Silly Ajax Story
Yesterday I was out scooping up after the dogs and out of the corner of my eye, I saw Ajax in snake-hunting mode:
Whacking in the long grass with his front paw, tail wagging joyfully, darting his muzzle cautiously into the grass and out again.
He was right next to the fence, so I went over to escort the snake to safety just as he tossed his head as if he'd caught something.
Then I saw what it was, and I really did laugh out loud:
A shed snakeskin!
Over the course of the day, he hunted for it and killed it several more times.
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By the time he had his vet visit, Ajax was fine. The vet said she could detect very slight lameness in his right leg by the way his foot was turned, but it was so little she believed it was a strain or sprain and not his hips.
The Niebling swatch was one of those "Let's see how he does this" things. Charts are great, photos are great, but I really have to feel how the pattern grows in my hands. I can't wait to get my hands on the patterns from Lacis. Anything that makes garden string look that good, I want!
Paw paw flowers do look like weird alien lips. And yet another thing I like about columbines is that the hummingbirds come to them.
Once I saw an enormous bumblebee going from columbine flower to columbine flower, but he wasn't wasting any time crawling in them: he was landing on the outside and stabbing right through the end of the nectar spurs to slurp out the good stuff.
I love our all-by-itself house. We have talked seriously about buying the next-door property if the absentee owners ever put it on the market. Just in case that doesn't happen, we've been planting shrubbery along the property border line.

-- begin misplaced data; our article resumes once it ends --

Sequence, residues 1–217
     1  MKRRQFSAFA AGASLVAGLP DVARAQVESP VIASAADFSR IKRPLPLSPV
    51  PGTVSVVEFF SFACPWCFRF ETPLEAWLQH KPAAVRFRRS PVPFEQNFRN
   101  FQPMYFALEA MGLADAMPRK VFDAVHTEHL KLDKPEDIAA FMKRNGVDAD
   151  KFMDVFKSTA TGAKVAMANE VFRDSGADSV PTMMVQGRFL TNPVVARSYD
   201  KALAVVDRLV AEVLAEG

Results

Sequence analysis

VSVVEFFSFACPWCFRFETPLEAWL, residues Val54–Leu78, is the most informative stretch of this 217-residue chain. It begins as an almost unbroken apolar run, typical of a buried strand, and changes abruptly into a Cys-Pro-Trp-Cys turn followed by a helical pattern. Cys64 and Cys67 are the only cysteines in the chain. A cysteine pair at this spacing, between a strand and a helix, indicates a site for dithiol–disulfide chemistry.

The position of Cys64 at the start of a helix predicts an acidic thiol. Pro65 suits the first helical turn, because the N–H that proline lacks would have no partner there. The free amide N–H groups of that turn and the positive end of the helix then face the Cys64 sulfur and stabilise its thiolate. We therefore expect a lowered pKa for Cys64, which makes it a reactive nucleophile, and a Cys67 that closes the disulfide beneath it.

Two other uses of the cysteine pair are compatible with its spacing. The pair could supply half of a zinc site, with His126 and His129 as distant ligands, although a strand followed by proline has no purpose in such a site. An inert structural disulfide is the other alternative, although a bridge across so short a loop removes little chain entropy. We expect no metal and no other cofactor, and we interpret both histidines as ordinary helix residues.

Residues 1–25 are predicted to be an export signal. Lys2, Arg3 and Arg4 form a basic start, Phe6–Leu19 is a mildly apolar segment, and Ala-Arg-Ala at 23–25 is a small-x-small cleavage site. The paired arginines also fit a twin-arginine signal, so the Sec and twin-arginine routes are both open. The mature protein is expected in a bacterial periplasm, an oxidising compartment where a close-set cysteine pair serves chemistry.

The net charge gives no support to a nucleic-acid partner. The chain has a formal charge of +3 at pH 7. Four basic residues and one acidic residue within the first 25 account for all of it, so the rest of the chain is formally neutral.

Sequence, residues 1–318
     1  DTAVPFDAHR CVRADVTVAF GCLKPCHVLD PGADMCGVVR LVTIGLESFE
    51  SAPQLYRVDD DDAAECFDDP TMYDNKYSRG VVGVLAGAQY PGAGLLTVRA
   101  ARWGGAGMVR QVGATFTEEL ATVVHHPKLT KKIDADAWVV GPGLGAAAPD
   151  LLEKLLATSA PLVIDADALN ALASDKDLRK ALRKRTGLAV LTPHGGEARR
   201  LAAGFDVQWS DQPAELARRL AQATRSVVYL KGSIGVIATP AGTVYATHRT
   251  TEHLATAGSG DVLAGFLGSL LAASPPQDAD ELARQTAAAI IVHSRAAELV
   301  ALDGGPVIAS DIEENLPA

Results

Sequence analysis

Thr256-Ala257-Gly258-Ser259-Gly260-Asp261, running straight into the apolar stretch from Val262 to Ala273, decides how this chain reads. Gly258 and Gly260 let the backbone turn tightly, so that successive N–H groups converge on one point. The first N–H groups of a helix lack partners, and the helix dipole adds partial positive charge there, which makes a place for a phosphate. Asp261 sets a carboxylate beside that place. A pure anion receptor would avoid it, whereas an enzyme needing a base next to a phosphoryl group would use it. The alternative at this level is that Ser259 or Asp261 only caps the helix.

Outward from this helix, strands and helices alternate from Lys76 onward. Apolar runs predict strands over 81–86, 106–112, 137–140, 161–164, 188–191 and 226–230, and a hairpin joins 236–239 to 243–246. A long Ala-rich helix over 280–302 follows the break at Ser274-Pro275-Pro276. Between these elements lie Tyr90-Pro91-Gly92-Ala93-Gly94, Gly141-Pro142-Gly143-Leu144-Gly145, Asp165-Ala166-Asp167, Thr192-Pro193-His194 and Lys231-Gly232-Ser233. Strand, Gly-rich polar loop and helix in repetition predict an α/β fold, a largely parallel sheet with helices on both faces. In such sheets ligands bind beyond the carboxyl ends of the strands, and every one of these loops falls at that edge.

And yeah, having it paid off and really ours is great. We still have to pay the property taxes, insurance, and utilities, but not having a mortgage gives us a certain freedom.
Just this morning I heard the indigo bunting singing, and what I think was a grosbeak (every year I have to relearn his song). There is a lot to be said for living in a place you love.
The hops are mainly my husband's. In the past, he has made such oddities as all-local beer (a member of his brewing club grew, threshed, and malted the barley) and hopped mead, and he usually shares either root cuttings or hops cones with the brewing club that meets at a brewpub.
The kind of hops you get in a homebrew store are called pelletized hops. To me they look like rabbit chow. I'll try to remember to take a picture of the cones when they develop later in the year. There is something compelling and prosperous-looking about hops vines with the cones on them.
A couple of the things I have learned about hops: The cut-down vines burn with an incredible fury when they are dry. Wow. Resinous an' all. If you get hops cones on your car the resin is teh suck to get off. The only beers I ever liked in all my long history of "Yuck" faces made at brewing club meetings were . . . unhopped.